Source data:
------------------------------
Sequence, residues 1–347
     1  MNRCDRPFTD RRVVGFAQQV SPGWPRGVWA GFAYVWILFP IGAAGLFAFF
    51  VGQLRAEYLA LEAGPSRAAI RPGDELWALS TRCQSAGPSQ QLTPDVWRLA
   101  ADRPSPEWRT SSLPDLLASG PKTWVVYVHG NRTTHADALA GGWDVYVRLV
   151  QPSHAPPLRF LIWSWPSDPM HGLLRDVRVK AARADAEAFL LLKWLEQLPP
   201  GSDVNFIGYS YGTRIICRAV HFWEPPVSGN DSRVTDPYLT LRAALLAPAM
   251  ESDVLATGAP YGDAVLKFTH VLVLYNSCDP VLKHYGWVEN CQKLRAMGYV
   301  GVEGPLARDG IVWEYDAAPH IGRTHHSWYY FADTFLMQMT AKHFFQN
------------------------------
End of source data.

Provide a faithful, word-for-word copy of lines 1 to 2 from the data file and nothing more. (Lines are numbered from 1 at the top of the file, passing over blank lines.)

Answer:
Sequence, residues 1–347
     1  MNRCDRPFTD RRVVGFAQQV SPGWPRGVWA GFAYVWILFP IGAAGLFAFF